19. Kan. Stat. Ann. § 74-9101 (1998). [Return to Text]

20. See Kan. Stat. Ann. § 21-6811(e) (2018) [formerly Kan. Stat. Ann. § 21-4711(e)]; State v. Vandervort, 72 P.3d 925, 935–36 (Kan. 2003); State v. Hernandez, 944 P.2d 188, 192 (Kan. Ct. App. 1997). The Commission and the Kansas Legislature tried to focus on “produc[ing] equity by requiring that defendants who are convicted of the same crimes and have similar prior criminal records serve the same amount of time.” Gottlieb, supra note 18, at 69 (emphasis added). [Return to Text]

21. 72 P.3d 925 (Kan. 2003). [Return to Text]

22. Vandervort, 72 P.3d at 935 (Kan. 2003). Even if one determines that this language in Vandervort was dicta, it is apparent that the Kansas Supreme Court held in Williams, that “comparable” only meant the closest approximation. See State v. Williams, 326 P.3d 1070, 1073 (Kan. 2014). [Return to Text]

23. Williams, 326 P.3d at 1073–74 (Kan. 2014). In Vandervort, the defendant argued his conviction for indecent exposure under Virginia Code § 18.2-370 was not comparable to K.S.A. § 21-3508 because the Kansas statute required another element of “who has not consented thereto,” but the Virginia statute did not. Vandervort, 72 P.3d at 935. However, the Kansas Supreme Court stated that “[f]or purposes of determining criminal history, the offenses need only be comparable, not identical.” Id. [Return to Text]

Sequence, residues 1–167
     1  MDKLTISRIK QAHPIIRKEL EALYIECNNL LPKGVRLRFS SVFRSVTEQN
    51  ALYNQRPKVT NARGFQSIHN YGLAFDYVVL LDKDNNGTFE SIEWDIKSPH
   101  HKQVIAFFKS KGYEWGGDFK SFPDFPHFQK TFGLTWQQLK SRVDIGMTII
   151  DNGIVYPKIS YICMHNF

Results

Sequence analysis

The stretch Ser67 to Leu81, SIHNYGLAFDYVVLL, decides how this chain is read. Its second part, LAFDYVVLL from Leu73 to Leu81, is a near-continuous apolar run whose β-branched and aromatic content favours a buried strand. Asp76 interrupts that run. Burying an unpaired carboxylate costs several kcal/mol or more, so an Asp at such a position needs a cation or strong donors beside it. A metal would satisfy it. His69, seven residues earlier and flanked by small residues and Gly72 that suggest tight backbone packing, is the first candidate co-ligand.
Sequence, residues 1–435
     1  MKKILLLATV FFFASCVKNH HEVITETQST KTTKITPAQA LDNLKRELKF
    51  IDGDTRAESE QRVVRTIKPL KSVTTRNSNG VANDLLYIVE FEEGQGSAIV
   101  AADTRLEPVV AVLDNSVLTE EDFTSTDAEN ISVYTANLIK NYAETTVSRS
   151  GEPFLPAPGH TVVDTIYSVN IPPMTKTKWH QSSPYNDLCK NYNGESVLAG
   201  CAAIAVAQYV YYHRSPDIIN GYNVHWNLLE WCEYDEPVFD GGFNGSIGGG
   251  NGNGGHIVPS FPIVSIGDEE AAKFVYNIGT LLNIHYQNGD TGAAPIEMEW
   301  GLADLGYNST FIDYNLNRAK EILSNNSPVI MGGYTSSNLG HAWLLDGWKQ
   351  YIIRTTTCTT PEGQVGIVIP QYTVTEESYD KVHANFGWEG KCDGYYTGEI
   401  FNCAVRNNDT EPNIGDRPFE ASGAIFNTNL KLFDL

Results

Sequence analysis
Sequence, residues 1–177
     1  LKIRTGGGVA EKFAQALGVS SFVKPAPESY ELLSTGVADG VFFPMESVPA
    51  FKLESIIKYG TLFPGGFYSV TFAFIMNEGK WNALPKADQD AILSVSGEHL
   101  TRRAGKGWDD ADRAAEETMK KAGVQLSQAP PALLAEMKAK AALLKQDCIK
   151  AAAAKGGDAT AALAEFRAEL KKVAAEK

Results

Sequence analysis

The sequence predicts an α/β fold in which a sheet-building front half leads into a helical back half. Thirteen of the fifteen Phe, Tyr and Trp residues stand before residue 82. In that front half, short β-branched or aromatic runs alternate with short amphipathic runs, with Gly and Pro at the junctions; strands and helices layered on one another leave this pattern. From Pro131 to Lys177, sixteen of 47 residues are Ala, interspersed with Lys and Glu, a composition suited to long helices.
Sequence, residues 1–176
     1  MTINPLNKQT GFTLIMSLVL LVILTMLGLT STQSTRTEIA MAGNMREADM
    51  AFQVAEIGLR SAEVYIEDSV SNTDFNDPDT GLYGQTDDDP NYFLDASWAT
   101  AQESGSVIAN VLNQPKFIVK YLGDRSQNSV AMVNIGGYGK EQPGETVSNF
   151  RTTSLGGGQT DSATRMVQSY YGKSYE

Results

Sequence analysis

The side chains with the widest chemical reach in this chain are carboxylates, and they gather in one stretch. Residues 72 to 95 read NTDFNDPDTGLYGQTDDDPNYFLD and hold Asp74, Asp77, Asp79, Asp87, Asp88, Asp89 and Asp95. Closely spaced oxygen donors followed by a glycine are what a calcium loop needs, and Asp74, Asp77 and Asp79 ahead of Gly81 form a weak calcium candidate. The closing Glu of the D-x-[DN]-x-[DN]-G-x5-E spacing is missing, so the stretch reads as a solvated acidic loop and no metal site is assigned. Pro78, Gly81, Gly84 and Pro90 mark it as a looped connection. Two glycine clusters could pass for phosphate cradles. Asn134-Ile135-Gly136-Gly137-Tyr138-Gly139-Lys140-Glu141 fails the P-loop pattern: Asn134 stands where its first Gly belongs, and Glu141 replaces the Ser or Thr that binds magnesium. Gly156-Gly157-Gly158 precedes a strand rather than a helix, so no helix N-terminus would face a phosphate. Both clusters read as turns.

24. Williams, 326 P.3d at 1074. [Return to Text]

25. Id. at 1073–74. The Kansas Supreme Court stated that a reviewing court did not need to review the identicalness of the elements of the out-of-state conviction and the Kansas offense, instead the court should only identify whether the crimes were comparable. Id. at 1074. [Return to Text]

26. State v. Wetrich, 412 P.3d 984, 989–90 (Kan. 2018). [Return to Text]

27. Id. at 991. [Return to Text]

28. 530 U.S. 466 (2000). In Apprendi, the Supreme Court held that only facts submitted to the fact-finder could be used to enhance a defendant’s sentence, except for previous criminal convictions. Apprendi v. New Jersey, 530 U.S. 466, 490 (2000). [Return to Text]

29. Wetrich, 412 P.3d at 988. [Return to Text]

30. Id. at 989. [Return to Text]

31. Id. at 990. [Return to Text]

32. Id. at 989 (quoting State v. Vandervort, 72 P.3d 925, 935 (Kan. 2003)). [Return to Text]

33. Id. [Return to Text]

34. Id. [Return to Text]

35. Wetrich, 412 P.3d at 991. The court identified six core principles behind the passage of the KSGA including:

  1. Prison space should be reserved for serious/violent offenders who present a threat to society.
  2. The degree of sanctions imposed should be based on the harm inflicted.
  3. Sanctions should be uniform and not related to socioeconomic factors, race, or geographic location.
  4. Penalties should be clear so everyone can understand exactly what has occurred once sentence is imposed.